This article is from the Canadian Broadcasting Network. It’s about my friend, Charlie Gulatta. I didn’t write it. Charlie was in charge of writing. He didn’t write it either.
Friends who do things together
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Angelo DeCesare remembers the day he lost his childhood best friend like it was yesterday.
He had just finished Grade 5 at Our Lady of Grace School in the Bronx, and he walked the six blocks to his buddy Charles Gulotta’s house.
“I went to call for him and his mother said they were moving away,” he said over the phone from New York. “They were only going to be there a little while longer. And he wasn’t home. And I felt really bad, because I knew that I was losing a kindred spirit.”
I spent an evening on the phone with the family and friends of Charles Gulotta, trying to get to know him better. He died in October of 2020 of a brain tumour. His family in P.E.I. wasn’t able to hold a funeral for him because of COVID-19 restrictions.
It’s because of people like Charles we’re running this series. We want to make up for some lost time and give proper due to some of the great Islanders we’ve lost.
The first time Angelo ever saw Charles he was playing baseball in the street. This was the Bronx in the 1950s, so you are absolutely right to imagine it like you’re watching a sepia-toned movie.
“And he was a very good athlete as a boy,” remembered Angelo. “I was kind of envious of him. But he was so nice and so modest about his skills that it didn’t take long for me to see he was not somebody to be envious of. All I could do, you know, was just enjoy his friendship.”
They saw it, they loved it
The two had a lot in common. They loved comic books. They collected baseball cards. They played sports in the street. Baseball, sure, but stickball and handball, too.
“Many years went by, I didn’t hear from him,” he said. “We had a class reunion and I went looking for him. I couldn’t find him. I looked all over America. All over the directories. I had no idea he wasn’t here anymore. He was in Canada.”
I was so happy to hear from him. We started talking and it was almost as if no time had gone by.
— Angelo DeCesare
Charles’s family moved north of New York City to a safer neighbourhood.
He grew up. He got married.
He and his wife had a daughter, Allison. During childbirth, his wife had a sudden and shocking stroke. She died a few years later.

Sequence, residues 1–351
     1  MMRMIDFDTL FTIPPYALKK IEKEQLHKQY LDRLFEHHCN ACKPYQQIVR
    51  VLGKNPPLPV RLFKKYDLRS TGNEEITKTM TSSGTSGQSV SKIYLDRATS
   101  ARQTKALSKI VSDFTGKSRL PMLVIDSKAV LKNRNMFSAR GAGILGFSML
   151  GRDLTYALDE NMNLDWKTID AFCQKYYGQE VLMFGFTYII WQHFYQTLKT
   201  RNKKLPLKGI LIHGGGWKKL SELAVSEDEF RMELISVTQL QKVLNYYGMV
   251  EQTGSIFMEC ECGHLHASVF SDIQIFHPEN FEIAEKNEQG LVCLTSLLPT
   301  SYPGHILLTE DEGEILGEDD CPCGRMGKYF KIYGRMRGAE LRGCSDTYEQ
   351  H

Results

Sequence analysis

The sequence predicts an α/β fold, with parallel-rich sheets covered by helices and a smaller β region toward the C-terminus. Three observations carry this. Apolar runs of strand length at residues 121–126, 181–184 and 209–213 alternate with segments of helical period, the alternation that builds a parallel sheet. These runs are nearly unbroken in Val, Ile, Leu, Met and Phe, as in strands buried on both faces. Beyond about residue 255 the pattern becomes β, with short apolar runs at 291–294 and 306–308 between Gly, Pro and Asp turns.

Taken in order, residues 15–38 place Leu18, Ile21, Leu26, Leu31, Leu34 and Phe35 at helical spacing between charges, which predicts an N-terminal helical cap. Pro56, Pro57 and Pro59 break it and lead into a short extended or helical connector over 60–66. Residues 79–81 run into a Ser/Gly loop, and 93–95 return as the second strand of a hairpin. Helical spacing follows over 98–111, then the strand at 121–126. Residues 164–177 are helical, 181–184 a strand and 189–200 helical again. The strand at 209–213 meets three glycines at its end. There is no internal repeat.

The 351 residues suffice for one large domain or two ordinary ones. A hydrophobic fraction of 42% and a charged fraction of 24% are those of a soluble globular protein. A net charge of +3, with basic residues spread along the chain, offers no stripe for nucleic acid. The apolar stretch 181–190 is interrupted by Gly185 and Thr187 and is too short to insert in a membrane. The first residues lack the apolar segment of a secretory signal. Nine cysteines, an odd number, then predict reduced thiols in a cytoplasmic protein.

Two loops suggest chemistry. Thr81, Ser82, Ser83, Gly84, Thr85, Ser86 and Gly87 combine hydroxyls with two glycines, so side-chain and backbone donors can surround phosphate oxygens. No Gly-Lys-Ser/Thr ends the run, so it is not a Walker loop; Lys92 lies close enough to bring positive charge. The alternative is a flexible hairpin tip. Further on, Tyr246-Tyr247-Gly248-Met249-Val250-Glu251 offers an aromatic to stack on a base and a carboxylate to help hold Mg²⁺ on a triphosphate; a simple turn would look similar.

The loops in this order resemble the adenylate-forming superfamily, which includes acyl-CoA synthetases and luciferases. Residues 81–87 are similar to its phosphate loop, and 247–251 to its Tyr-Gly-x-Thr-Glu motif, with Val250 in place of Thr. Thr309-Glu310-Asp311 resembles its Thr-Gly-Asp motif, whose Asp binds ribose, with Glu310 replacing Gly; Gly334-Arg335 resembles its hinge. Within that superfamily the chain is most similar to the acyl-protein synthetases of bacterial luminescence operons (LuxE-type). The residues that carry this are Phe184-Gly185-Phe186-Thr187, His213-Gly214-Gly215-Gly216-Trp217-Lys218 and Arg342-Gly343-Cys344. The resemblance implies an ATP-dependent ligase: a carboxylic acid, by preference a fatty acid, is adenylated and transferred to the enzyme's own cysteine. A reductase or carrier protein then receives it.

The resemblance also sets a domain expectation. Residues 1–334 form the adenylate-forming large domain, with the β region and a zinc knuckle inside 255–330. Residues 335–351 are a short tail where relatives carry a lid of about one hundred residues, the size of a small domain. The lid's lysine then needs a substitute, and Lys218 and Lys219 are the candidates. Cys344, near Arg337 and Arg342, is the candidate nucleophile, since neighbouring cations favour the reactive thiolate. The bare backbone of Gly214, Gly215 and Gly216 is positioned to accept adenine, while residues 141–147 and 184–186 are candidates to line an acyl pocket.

For a while, Charles raised Allison by himself. He eventually married again to a woman named Maria. She had a daughter just a little older than Allison. Charles and Maria would eventually have a son together.
Allison says it was a family vacation in the 90s that eventually brought them to P.E.I.
“And they fell in love with it,” she said from her home in Charlottetown. “We were driving and they saw a house for sale. And they decided they wanted a change of lifestyle. They wanted to raise us in a place that was quiet and safe. They decided to buy this house. They saw it, they loved it, and decided to move us here.”
‘There will never be anyone like him’
Theresa MacMillan’s house was just up the street from their new place in Cornwall.
Both families had kids about the same age, so they found themselves waiting for the bus together. A funny thing happened at that bus stop.
“It just turned into a morning event,” said Theresa. “At first we would chat at the end of my driveway. After a while, we started to freeze to death because it was so cold in the wintertime. And then we started going to each other’s houses to have coffee, or some toast or bagels or something. And we’d have a meal together in the mornings. And we just became really good friends. He was easy to be around. There will never be anyone like him.”
“It’s sort of one of those things of this age,” I said. “It’s very hard to make friends as an adult, isn’t it? And to have it organically happen like that. How long did it take for you to go from casual bus friends to ‘why don’t you come have a bagel?'”
“Not that long,” she said. “I think of the school year. When do the kids start, September? So by the winter, when it was getting cold. So a few months.”
“I feel like, knowing my dad, that’s not surprising,” said Allison “He would make connections with people and they would not be superficial. He hated talking about the weather, right? All those sort of basic, superficial conversations he just had no time for. He didn’t have a huge circle of friends, but the friends he did have were close and real. And they were lifelong friends.”
Speaking of lifelong friends.
Angelo DeCesare had just about given up looking for his childhood friend, when one day, the phone rang.
“He contacted me!” he said. “I think 30 years had gone by. I was so happy to hear from him. We started talking and it was almost as if no time had gone by. We started exchanging emails. And talking on the phone. And our friendship just picked up.”
Charles visited Angelo in New York. They vacationed together. They talked about comic books and writing. And, of course, baseball.
Allison said baseball was her dad’s weakness. But it was the best kind of weakness.
“He worked from home as a writer. So you knew, if it was during the day and you were home we needed to let dad work. But if you went in and asked him to go outside and have a catch? You’d be guaranteed he’d be outside as quick as he could. All three of us knew that. And we used that, because it was a really great way to get his undivided attention.”
That undivided attention was part of what made Charles such a great friend. Theresa said it was his focus on the people he loved that defined him.
“You know how some people move for a job?” she asked. “For work? Well he moved to make a life. Lots of times we go where the work is, and then we make our life around the job. He did just the opposite.”
“That’s wonderful,” I said.
“Right,” she said. “You really can’t say more than that.”